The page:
At Fort Langley National Historic Site, visit the place where 150 years ago the Hudson Bay...
Coolest School Trip Spotlight: Grasslands National Park
What do dinosaurs and cowboys have in common? If your answer is that they’re both awesome, you wouldn’t be wrong. They share more than just that, though! At different points in history, they actually both lived and roamed in the Canadian prairies. Cowboys living in southern Saskatchewan in the 1800s may not have known this, but the area containing the richest resource for dinosaur fossils in the entire country was right under their feet – the Killdeer Badlands, which are a part of what has become one of Canada’s unique places of national significance, Grasslands National Park.
Trace evidence of a number of different historical eras can be found throughout the park, the best-known being the fossilized dinosaur remains found in the badlands. Having received their name from French explorers traversing through the North American mid-west who described the land as “bad lands to travel through,” these muddy, sparsely vegetated expanses of gullies and hills are great places to look for – and find – fossils of all kinds.
These lands, together with the rest of the land that makes up the park, are believed to have among the highest concentrations of archaeological sites in the whole country. In addition to the fossilized dinosaur bones that have been found in the park, something you may not know is that the very first T.rex coprolite to be discovered was unearthed in the park. What’s a coprolite? So glad you asked – it’s fossilized dung, of course!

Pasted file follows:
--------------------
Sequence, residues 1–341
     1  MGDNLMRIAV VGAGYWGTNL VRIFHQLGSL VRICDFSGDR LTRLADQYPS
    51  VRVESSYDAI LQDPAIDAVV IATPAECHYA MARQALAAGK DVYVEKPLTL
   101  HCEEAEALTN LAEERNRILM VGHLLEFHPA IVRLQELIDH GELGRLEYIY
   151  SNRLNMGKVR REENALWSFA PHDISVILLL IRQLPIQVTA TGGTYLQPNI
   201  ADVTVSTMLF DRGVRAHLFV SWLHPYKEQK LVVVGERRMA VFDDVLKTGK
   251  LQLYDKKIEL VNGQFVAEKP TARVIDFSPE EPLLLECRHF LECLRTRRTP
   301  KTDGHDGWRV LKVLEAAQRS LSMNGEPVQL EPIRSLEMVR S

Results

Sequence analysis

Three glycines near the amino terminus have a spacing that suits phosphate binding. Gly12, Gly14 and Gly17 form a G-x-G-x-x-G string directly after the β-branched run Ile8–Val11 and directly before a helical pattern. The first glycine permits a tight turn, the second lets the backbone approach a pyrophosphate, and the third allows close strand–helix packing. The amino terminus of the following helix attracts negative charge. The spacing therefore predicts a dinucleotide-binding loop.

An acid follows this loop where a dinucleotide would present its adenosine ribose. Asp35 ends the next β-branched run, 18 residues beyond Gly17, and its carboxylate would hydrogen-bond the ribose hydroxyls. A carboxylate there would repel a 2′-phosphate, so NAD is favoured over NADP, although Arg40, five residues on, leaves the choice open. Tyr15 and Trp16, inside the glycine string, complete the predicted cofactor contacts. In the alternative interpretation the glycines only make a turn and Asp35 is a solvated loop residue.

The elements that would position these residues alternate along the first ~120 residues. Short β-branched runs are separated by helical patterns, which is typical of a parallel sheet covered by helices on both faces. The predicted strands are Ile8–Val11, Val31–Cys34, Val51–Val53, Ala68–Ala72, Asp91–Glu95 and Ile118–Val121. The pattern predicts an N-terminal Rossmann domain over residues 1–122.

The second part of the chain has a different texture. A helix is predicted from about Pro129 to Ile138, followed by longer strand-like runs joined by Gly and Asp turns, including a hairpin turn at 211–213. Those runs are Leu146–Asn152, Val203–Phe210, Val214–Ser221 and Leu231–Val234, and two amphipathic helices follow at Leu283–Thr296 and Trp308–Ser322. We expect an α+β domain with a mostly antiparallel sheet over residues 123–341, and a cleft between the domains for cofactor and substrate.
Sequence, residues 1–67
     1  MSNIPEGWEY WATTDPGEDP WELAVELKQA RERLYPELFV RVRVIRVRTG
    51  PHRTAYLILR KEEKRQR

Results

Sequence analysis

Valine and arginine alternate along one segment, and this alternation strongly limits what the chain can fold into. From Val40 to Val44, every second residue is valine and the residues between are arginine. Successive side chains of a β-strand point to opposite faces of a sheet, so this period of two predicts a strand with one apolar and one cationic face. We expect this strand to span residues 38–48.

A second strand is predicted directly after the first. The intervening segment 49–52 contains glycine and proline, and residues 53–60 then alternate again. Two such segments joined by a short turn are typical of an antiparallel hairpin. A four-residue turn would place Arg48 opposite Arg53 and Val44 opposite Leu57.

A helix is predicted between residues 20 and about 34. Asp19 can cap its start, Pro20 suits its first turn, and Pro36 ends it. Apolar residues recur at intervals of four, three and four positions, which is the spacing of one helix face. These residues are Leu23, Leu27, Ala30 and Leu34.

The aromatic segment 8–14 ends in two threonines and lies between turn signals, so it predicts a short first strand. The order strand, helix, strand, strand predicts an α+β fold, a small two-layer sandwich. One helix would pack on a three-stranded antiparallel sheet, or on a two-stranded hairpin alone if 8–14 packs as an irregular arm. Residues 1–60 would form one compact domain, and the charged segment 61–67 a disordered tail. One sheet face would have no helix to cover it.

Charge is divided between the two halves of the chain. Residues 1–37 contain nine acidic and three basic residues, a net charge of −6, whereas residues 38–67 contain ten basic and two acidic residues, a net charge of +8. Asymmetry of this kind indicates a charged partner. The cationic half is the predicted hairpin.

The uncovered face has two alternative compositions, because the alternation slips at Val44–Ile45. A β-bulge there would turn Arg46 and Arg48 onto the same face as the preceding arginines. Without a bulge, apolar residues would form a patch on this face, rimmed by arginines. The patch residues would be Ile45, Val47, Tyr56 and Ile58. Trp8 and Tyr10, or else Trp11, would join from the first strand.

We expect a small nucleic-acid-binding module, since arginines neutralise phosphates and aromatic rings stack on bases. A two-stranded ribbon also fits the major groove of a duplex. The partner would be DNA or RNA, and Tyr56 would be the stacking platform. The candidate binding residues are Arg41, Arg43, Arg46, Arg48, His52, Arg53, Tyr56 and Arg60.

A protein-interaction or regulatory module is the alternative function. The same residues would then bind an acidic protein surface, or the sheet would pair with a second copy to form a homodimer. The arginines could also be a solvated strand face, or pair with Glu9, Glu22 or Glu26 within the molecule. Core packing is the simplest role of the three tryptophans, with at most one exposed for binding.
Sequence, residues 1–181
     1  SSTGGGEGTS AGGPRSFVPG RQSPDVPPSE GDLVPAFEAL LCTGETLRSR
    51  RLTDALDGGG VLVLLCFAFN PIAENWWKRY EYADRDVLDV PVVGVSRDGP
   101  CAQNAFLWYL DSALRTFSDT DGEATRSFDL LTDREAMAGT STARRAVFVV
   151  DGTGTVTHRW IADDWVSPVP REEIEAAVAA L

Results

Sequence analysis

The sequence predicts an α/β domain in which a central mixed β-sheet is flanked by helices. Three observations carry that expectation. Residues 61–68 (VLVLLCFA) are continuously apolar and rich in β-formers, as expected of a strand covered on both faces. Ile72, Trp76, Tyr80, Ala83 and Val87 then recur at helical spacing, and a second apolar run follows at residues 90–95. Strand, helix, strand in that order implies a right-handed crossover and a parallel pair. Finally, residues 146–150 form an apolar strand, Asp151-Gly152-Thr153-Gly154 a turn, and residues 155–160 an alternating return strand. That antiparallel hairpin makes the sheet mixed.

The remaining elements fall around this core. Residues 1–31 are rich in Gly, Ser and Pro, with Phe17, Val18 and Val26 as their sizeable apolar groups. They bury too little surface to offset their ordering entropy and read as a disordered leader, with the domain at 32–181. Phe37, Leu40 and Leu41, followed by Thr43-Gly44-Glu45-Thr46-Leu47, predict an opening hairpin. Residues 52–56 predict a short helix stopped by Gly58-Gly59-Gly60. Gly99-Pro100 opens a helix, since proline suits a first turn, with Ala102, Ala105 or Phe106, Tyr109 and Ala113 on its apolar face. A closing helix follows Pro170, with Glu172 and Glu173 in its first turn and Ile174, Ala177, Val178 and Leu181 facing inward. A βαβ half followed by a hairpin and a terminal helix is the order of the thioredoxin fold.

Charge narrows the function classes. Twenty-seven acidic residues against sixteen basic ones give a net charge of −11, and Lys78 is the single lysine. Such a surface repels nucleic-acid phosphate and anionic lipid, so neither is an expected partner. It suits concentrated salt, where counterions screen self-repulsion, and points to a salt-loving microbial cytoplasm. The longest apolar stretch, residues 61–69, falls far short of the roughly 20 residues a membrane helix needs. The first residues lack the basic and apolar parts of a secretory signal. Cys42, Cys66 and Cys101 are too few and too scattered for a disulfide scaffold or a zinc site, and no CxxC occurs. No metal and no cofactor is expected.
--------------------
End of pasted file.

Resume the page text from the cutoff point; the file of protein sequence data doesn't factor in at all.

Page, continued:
Millions of years after the time of the dinosaurs, the Plains Indians who lived in the prairies also left behind traces of habitation on the land. Scattered around the park, there are estimated to be over 12,000 ancient tepee rings left behind by these groups of nomadic hunters, who had adopted a lifestyle that centered on the migration of great herds of bison and travelled extensively across the grasslands of the Canadian prairies. Herds of the Plains Bison, which at one point numbered in the millions, were nearly rendered extinct during 19th century. Today, Grasslands National Park is one of the few places in Canada that is home to this threatened species. Here’s a fun fact about the Plains Bison: their scientific name is Bison bison bison. Bit of a silly name for such a serious creature, don’t you think?